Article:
Re: Caboose Wheel Sizes


Why raise the Center of Gravity on a light car that bobbed around too much anyway.  They could also use the re-machined wheelsets off of 40-ton box cars being scrapped for new 50-ton cars.  It wasn't unusual to see miss-matched trucks on C&O wooden-superstructure cabooses.

Al Kresse

----- Original Message -----

From: "Bill Daniels" <billinsf@...>
To: STMFC@...
Sent: Sunday, December 30, 2012 8:31:06 PM
Subject: Re: [STMFC] Caboose Wheel Sizes


I know of NO cabooses that rode on 36" wheels... as has been mentioned previously 36" wheels are for passenger cars (due to high speed and the weight of the car) and heavy (>100 tons) freight cars. Cabooses did not fall into either category.

Bill Daniels
San Francisco, CA

 From: Bruce F. Smith <smithbf@...>
To: "STMFC@..." <STMFC@...>
Sent: Sunday, December 30, 2012 4:09 PM
Subject: RE: [STMFC] Caboose Wheel Sizes


I can quite confidently state that the PRR's cabin cars all had 33" wheels during the period of this list.  I can only speculate as to the reason why, but the use of modified freight trucks and the servicing of cabin cars in the same location as freight cars would both indicate that 33" wheels make the most sense.  I can't speak for many other railroads, but AFAIK, the READING and NYNY&H both had 33" wheels on their cabooses as well.  In fact, I'm struggling to identify a railroad with 36" wheels on cabooses... any examples?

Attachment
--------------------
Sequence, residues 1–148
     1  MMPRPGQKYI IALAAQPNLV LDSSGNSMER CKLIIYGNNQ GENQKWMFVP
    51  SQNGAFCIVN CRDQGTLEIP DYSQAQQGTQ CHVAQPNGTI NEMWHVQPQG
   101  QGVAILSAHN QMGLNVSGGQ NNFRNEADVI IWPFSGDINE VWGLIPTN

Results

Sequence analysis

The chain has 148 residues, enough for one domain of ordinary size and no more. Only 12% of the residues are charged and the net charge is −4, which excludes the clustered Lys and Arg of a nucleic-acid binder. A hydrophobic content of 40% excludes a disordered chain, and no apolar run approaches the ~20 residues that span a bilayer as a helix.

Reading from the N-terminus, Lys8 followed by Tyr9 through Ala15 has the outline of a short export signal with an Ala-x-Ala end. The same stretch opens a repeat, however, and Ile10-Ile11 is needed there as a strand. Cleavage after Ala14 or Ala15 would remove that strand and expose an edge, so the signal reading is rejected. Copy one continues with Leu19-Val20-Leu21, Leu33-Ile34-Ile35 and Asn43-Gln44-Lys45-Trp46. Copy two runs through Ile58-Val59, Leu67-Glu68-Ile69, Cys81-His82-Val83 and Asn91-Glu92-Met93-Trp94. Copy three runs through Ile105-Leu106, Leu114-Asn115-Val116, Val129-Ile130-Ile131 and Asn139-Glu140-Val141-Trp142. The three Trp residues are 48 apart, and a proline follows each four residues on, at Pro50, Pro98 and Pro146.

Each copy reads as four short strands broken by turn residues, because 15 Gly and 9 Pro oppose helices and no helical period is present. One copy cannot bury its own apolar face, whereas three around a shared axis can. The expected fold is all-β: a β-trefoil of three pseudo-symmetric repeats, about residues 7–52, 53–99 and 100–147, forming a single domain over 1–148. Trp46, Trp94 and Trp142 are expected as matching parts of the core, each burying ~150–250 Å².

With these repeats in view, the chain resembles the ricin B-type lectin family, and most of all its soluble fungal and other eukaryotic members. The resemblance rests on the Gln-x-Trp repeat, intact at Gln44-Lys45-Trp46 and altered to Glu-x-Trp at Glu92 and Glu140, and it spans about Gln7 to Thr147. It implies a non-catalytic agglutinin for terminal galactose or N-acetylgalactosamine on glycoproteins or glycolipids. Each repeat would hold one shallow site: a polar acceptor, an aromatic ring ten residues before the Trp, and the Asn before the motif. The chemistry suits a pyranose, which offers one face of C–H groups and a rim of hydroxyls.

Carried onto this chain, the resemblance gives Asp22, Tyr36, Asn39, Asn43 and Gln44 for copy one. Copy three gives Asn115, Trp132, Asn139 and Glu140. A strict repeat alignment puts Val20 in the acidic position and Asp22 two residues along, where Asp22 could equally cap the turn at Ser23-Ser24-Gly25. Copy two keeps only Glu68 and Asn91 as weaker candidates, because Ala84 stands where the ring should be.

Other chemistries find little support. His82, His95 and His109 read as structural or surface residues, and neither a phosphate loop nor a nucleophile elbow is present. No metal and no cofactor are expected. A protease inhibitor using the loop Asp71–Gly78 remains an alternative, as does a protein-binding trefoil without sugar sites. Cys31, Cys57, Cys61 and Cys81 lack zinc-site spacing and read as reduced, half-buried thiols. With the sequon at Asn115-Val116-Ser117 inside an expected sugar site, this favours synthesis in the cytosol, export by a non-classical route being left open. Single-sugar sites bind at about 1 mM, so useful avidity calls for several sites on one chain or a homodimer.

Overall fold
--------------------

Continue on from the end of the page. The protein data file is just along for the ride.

Bruce Smith
Auburn, AL
From: STMFC@... [STMFC@...] on behalf of webotkin [webotkin@...]
Sent: Sunday, December 30, 2012 11:12 AM
To: STMFC@...
Subject: [STMFC] Caboose Wheel Sizes


Can anyone provide information about when and by what criteria the typical caboose wheel size changed from 33 inches to 36 inches?  Was this railroad specific or something that happened across railroads?


Bill Botkin
Centennial, CO


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